I’ve written about the historical and contemporary expressions of such nationalisms elsewhere (while uncovering the place of religion and religious ethics in collective identities and while staying away from the simplistic distinctions between civic and ethnic nationalisms). Here, I want to highlight two concrete instances in which nationalism is framed within narratives that link homogeneity and pluralism, on the one hand, and inclusion and justice, on the other. The first is the event that started as a symbolic protest of just one NFL player, Colin Kaepernick, and grew into a movement of solidarity (as well as contention) among many NFL players—the event that, at least in one reading, emerges as part of a narrative of American identity that is not just a protest against racial injustice but also the affirmation of the idea of what America as a nation ought to be. The second event I want to highlight is the sustained protests of American citizens of all ethnic and religious backgrounds against Trump’s policy to prohibit immigrants of selected Muslim countries from entering the United States— protests which are constitutive of a vision of a more just, more inclusive American national identity.
These two cases—as well as the American history of (in John Courtney Murray’s words) “a unity of a limited order,” wherein “one” and “many” are in conflict but also in a productive tension—are central to distinguishing contemporary expressions of populism and nationalism, in the American context and beyond. Most of all, such cases raise important questions about the range of democratic responses to contemporary populist politics: Is the only plausible and forceful challenge to a populism that threatens democratic pluralism some type of cosmopolitan vision and identity (which is often, it ought to be underlined, intertwined with the discourse and practices of global capitalism)? Or can a more powerful response to white nationalism and radical populisms be a nationalism that asserts a robust but more expansive—pluralistic—narrative of American national identity, defined by questions of justice, equality, and inclusion?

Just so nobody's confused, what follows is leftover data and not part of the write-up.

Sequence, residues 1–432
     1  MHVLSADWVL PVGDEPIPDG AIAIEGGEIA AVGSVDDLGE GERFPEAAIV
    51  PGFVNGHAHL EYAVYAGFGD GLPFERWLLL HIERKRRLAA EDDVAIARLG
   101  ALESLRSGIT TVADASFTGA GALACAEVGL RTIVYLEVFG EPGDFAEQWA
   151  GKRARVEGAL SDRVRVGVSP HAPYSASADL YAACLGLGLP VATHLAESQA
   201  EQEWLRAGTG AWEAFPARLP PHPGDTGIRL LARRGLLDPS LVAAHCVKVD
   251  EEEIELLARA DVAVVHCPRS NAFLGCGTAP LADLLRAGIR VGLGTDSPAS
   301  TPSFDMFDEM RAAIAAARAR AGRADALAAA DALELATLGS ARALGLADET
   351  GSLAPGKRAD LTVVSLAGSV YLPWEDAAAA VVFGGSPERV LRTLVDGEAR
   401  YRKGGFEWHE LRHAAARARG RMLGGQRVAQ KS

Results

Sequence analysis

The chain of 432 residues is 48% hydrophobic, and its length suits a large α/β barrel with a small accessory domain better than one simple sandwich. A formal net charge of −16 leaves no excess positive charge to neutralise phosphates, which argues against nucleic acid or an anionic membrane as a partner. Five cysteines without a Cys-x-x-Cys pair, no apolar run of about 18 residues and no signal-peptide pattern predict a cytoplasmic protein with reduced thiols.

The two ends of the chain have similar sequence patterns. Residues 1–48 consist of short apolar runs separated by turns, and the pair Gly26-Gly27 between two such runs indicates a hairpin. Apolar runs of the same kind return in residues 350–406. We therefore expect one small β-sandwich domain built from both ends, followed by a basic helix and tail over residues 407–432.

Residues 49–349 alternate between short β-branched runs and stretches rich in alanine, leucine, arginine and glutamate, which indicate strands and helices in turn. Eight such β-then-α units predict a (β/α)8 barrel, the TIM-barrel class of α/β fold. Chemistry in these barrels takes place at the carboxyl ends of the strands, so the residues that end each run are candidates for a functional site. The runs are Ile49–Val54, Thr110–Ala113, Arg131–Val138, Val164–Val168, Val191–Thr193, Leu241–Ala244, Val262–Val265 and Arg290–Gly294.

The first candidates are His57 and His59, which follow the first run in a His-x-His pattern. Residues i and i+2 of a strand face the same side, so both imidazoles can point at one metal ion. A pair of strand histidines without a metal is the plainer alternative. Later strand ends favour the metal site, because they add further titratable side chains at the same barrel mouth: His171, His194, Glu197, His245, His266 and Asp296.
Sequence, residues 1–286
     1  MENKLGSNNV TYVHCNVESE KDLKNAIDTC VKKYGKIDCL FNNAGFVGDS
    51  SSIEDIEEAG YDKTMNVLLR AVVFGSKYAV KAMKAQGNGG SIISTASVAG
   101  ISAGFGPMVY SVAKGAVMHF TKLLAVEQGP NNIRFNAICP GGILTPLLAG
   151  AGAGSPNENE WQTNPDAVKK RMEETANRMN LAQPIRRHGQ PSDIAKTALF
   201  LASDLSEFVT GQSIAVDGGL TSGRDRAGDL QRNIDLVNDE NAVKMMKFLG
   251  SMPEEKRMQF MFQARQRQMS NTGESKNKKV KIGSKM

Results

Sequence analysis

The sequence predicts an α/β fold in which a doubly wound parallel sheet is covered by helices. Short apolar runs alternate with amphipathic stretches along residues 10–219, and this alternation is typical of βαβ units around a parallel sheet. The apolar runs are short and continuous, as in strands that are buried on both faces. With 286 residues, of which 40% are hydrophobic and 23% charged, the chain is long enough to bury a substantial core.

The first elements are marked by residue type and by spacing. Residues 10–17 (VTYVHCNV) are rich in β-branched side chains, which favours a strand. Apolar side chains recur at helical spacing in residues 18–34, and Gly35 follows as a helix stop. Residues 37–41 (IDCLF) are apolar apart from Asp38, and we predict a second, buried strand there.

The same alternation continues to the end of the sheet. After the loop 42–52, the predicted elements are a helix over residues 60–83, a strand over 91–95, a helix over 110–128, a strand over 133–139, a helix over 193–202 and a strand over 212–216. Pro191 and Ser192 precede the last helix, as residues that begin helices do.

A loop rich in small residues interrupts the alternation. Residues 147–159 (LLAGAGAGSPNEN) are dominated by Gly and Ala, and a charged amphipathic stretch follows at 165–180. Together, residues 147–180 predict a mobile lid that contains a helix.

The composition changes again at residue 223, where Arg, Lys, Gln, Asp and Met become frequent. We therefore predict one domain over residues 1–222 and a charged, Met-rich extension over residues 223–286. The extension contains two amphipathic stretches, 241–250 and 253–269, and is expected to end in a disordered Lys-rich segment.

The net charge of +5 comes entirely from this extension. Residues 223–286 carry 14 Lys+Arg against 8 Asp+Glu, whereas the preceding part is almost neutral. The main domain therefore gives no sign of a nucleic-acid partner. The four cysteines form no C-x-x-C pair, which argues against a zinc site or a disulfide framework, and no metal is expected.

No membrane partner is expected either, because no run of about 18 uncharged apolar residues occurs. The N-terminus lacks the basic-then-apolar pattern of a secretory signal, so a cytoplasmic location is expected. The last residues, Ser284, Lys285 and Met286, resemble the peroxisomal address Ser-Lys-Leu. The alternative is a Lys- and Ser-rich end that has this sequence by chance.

While white nationalists and radical right populists continue to bring torches to the lawn of a public university to call for a resurgence of white-only America, citizens all over the United States keep responding with their own vision of America by posting signs on their own lawns welcoming the others in their mother tongue. Nationalism is not synonymous with populism; it can be its foil.
Slavica Jakelić is Associate Professor of Humanities and Social Thought at Christ College, The Honors College of Valparaiso University. Her scholarly interests and publications center on religion and collective identity, religious and secular humanisms, theories of religion and secularism, theories of modernity, nationalism and populism, interreligious dialogue, and conflict resolution. Before joining the Christ College faculty, Jakelić has worked at or been a fellow of a number of interdisciplinary institutes in Europe and the U.S., including the Erasmus Institute for the Culture of Democracy in Croatia, the Institute for the Study of Economic Culture at Boston University, the Institut für die Wissenschaften vom Menschen in Vienna, Austria, the Erasmus Institute at the University of Notre Dame, the Martin Marty Center at the University of Chicago, and the Notre Dame Institute for Advanced Study, and the Kroc Institute at the University of Notre Dame. She is an Affiliated Scholar of the Institute for Advanced Studies in Culture at the University of Virginia, where she was a faculty member and co-director of the institute’s program on religion for several years.
Jakelić is a co-editor of two volumes, The Future of the Study of Religion and Crossing Boundaries: From Syria to Slovakia, a co-editor of The Hedgehog Review’s issue “After Secularization,” and the author of Collectivistic Religions: Religion, Choice, and Identity in Late Modernity. She is currently working on a book The Practice of Religious and Secular Humanisms.
Isaac Barnes May & Sarah Azaransky